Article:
Certain food products containing sulfites trigger exacerbations, such as beer, dried fruit, open salad bars, and wine.5 Providing education on these potential triggers is an important part of disease state management. It also is important to note that these are potential triggers, and not all of them will affect every patient.

Spacers Aid Adherence

Although avoiding triggers is 1 step in the management of asthma, medication adherence plays another important role. Some patients, although equipped with the correct medication, lack the skills to correctly use their medication as a result of physical inability or a lack of proper education.

Valved holding chambers (spacers) are delivery aids that fit between the inhaler and the patient's mouth, allowing for better aerosolized drug transport to the lungs and potentially decreasing systemic side effects. For proper use, the patient should fit the inhaler into 1 end of the spacer, actuate the inhaler, take a slow deep breath, and hold for 5 to 10 seconds. If a dose of a particular medication calls for >1 actuation, this process should be repeated; only 1 actuation should be administered at a time.

The use of spacers is recommended for young children (>4 years old), adolescents, and adults to aid in the delivery of aerosolized medication to the lungs. Spacers are an important tool in drug administration, as it has been shown that more than half of patients do not use proper technique in the inhaler administration and deliver an inadequate amount of drugs to the lungs.4 In children <4 years old, spacers with face masks are recommended. The face masks should fit snugly on the face and fully cover the nose and mouth. Parents and health care professionals should never use face masks unless they are placed securely against the patient's face, as it has been shown that a space as little as 2 cm reduces the delivery of aerosol medication by as much as 80%.2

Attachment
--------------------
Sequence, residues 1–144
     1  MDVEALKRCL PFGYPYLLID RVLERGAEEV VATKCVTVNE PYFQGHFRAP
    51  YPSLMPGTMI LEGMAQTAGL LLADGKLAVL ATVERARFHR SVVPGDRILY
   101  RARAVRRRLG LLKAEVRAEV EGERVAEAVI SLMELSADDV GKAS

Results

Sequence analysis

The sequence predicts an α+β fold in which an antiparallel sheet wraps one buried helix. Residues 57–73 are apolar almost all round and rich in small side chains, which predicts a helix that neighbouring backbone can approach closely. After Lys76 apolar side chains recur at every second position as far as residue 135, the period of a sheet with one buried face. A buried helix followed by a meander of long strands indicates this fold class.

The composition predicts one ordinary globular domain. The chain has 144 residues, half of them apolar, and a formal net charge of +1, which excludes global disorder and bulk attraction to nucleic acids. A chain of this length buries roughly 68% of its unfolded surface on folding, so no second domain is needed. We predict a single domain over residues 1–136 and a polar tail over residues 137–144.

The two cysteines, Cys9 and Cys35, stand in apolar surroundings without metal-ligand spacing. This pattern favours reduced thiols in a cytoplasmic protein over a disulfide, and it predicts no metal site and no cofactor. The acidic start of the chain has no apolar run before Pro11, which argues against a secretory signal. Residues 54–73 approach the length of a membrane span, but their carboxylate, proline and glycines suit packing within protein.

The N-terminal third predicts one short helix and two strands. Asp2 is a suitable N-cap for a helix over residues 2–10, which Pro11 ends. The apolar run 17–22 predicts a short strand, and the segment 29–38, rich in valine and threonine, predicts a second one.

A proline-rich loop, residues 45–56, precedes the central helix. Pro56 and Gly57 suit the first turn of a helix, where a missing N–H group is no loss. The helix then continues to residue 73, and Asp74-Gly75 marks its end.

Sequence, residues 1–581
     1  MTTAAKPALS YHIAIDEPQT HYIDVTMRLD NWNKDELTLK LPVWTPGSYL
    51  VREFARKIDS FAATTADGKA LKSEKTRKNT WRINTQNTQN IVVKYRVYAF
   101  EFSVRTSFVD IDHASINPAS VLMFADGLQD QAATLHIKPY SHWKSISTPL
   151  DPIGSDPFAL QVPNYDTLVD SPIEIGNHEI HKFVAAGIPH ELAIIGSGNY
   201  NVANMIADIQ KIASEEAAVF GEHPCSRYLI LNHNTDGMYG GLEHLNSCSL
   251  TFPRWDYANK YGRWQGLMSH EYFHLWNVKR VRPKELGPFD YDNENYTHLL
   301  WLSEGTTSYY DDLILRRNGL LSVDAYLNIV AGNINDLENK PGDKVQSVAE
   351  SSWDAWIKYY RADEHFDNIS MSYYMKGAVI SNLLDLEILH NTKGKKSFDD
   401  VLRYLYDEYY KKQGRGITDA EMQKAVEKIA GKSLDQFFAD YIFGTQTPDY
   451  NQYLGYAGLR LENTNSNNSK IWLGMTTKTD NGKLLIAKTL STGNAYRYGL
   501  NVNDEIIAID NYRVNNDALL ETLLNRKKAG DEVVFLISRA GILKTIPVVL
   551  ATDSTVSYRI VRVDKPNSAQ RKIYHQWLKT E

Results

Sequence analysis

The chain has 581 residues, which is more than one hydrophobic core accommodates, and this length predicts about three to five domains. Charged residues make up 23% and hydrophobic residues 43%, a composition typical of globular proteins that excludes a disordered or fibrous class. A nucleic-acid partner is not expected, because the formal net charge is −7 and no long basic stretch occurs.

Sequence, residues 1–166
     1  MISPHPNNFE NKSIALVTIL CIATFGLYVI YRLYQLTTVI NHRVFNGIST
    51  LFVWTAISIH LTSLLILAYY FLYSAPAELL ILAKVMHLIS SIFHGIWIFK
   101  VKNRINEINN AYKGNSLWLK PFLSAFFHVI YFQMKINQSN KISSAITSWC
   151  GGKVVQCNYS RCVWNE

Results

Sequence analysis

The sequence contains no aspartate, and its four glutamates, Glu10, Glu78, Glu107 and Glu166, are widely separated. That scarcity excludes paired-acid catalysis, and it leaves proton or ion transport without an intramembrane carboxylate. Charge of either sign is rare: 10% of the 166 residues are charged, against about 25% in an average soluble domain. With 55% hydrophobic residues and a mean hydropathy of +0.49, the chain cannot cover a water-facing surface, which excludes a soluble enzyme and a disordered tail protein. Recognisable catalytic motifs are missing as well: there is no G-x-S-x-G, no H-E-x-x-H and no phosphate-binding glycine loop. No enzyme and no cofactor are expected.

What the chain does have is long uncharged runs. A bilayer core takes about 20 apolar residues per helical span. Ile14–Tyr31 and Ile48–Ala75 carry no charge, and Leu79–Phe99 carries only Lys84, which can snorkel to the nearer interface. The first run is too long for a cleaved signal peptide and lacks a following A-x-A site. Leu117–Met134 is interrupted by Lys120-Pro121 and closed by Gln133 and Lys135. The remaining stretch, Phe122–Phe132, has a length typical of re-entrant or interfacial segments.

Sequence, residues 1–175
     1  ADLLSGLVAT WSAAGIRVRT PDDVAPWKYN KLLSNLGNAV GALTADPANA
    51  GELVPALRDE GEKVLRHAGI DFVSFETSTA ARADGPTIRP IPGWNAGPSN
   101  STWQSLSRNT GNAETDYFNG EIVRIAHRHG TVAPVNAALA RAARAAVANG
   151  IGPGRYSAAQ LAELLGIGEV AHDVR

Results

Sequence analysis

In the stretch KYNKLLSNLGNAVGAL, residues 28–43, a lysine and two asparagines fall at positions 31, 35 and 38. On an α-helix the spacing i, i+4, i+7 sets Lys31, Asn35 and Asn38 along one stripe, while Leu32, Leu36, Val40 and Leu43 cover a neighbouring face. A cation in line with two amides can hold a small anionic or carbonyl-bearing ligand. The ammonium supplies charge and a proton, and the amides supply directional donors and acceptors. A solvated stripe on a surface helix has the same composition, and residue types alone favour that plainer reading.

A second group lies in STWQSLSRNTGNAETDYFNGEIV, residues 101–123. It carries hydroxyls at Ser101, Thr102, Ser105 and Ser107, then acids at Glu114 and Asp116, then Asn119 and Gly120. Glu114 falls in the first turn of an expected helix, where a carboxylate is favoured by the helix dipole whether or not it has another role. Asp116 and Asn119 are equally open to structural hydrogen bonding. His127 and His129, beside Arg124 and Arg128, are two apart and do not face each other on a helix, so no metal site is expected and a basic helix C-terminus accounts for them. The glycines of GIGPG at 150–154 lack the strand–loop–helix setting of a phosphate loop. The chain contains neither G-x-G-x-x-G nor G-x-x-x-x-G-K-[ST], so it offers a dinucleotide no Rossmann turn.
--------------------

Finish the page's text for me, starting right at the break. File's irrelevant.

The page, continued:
Patients also should be counseled about proper spacer maintenance. Static can accumulate along the sides and cause a decrease in the delivery of aerosolized medications to the lungs. It is recommended that spacers be washed in a dilute solution of water and dish soap (1:10) once a week, and allowed to drip dry.

Monitoring Symptoms

One of the last steps in patient self-management is recognition and monitoring of symptoms. Two key components in this area are the peak flow meter (PFM) and asthma action plan. Routine monitoring with the use of PFMs alone does not improve patient outcomes, but it can be a useful tool for patients who are not able to recognize airway obstruction.3 Currently, the NAEPP recommends the use of PFMs for patients with severe asthma who are not able to recognize airway obstruction; this could be a patient with multiple emergency department (ED) visits for asthma exacerbations in a given year.